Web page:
All Things Considered
All Things Considered
Monday, February 20, 2012

Minnesota Public Radio Stories


National Public Radio Stories

  • Eurozone Ministers Close To Greek Bailout Deal
    Host Audie Cornish talks with Eric Westervelt about the decision on whether to grant Greece another bailout, this time worth $171 billion.
  • Portugal Plays By The Rules, But Economy Slumps
    The eurozone crisis has focused attention on debt-burdened Greece. Meanwhile, Portugal is seen as the international creditors' poster-child for obediently slashing spending and welfare benefits. But Portugal's national debt continues to grow, and it's mired in recession and unemployment.
  • 'Hugo' Author Explores His Inspiration Up Close
    When Brian O. Selznick wrote The Invention of Hugo Cabaret — a graphic novel about an orphan in 1930s Paris — he imagined the secret spaces of a Paris train station. For inspiration, he visited Grand Central Terminal in New York City. But the scenes in the book — hidden tunnels, secret rooms, the giant clock tower — were all drawn from Selznick's imagination and later turned into the movie Hugo by Martin Scorcese, which is nominated for 12 Academy Awards. Selznick recently got to explore Grand Central's secrets for the first time and it turns out that life imitated art in shockingly faithful ways.
  • Tech Pioneer Channels Hard Lessons Into Silicon Valley Success
    Jen-Hsun Huang's education in the rough environment of eastern Kentucky helped make him a tough player in the tech industry. Now Nvidia, the company he co-founded, makes powerful graphics chips that bring realistic games and movie effects to screens small and large.
  • Researcher Decodes Workplace Rank From Emails
    Eric Gilbert, an assistant professor at Georgia Tech, tells Audie Cornish about his latest study on work emails. He looked at how certain words or phrases used in work correspondence can reveal if the message is being sent by someone higher up or further below you on the corporate food chain.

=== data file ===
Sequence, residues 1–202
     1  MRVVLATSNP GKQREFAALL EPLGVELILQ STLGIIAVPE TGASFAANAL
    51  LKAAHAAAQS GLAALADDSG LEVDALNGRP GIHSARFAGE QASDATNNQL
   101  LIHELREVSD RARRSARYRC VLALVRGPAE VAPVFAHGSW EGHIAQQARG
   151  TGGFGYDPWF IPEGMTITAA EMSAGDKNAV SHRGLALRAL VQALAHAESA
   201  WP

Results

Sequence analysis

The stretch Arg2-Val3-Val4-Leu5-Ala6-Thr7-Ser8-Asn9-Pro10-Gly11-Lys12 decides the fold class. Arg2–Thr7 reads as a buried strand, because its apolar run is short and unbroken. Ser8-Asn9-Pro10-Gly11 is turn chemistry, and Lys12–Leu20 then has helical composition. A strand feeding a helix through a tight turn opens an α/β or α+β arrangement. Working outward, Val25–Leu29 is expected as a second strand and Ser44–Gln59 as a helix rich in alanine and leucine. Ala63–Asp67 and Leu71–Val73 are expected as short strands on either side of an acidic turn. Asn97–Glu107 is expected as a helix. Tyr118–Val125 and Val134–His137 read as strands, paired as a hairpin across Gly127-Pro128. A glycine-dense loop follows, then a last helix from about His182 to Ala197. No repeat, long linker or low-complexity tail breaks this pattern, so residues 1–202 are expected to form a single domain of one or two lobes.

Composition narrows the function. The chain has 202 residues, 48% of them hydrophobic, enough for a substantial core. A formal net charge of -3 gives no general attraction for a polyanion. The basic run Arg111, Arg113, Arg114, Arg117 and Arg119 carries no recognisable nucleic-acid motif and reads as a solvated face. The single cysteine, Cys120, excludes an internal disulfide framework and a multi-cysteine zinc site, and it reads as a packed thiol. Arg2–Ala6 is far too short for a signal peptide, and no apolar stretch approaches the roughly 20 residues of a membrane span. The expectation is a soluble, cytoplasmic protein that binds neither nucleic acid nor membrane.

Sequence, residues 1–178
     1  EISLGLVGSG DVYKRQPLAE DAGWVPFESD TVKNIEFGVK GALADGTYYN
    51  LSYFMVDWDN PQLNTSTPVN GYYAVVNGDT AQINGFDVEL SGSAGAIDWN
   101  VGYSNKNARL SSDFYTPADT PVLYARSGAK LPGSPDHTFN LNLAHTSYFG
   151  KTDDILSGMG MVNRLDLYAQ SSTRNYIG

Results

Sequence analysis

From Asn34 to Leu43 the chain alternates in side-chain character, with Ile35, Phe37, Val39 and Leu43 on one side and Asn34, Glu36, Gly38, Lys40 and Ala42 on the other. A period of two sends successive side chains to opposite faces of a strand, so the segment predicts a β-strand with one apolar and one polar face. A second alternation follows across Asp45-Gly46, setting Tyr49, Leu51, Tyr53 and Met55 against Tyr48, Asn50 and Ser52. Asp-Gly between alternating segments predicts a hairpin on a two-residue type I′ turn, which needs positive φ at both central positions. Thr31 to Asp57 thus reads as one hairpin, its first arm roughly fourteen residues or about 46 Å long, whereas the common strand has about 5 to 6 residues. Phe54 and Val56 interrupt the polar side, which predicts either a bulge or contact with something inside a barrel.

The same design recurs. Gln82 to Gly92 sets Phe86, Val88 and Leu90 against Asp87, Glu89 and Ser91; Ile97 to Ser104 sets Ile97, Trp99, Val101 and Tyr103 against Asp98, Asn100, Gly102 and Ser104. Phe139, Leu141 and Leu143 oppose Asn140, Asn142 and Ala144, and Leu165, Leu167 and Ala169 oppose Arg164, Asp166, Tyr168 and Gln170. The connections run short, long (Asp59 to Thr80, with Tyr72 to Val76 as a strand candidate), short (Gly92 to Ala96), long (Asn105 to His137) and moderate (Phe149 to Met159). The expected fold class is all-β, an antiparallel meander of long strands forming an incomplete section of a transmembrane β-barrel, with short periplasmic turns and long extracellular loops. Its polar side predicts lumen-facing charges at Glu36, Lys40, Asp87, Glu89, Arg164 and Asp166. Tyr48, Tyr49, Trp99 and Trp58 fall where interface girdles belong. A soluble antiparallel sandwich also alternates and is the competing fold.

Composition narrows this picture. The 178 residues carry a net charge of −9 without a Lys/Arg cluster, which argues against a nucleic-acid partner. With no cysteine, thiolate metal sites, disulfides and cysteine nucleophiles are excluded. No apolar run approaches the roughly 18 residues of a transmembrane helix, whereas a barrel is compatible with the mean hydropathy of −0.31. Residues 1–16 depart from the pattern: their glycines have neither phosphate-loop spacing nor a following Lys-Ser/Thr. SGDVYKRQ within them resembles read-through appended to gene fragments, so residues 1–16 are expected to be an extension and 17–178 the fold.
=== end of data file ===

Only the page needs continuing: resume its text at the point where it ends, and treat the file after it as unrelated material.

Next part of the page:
• 'Clinton' Doc Turns Lens On Former President
    Host Audie Cornish talks with writer and director Barak Goodman about his latest project, Clinton, part of the American Experience: Presidents series. The first of two installments airs Monday night on PBS.
  • Yemen The Next Arab Nation In Line To Oust Dictator
    Voters in Yemen go to the polls on Tuesday in a one-candidate presidential election many hope will lead to a resolution of the nearly year-long crisis there. While most Yemenis support the peaceful transfer of power from former President Ali Abdullah Saleh to his deputy, many are frustrated that Saleh has immunity for all the protester deaths last year and that his sons and nephews still control the country.
  • Book Review: 'The Darlings'
    Bernie Madoff's investment scandal inspired financial analyst Christina Alger to write a novel based on the personal and financial turmoil created by the collapse. It's called The Darlings, and Alan Cheuse — writing professor at George Mason University — has a review.
  • Our Media, Ourselves: Are We Headed For A Matrix?
    We're streaming our video, downloading our books and doing away with the hard copies that used to help communicate our personalities to one another. Bob Mondello points to a surprisingly early vision of that kind of digital future — and asks what's behind the worry it expresses.
  • Candidates Hit Ground For Contests In Mich., Ariz.
    Host Audie Cornish talks with Don Gonyea about the week ahead in politics, including the contests in Michigan and Arizona.

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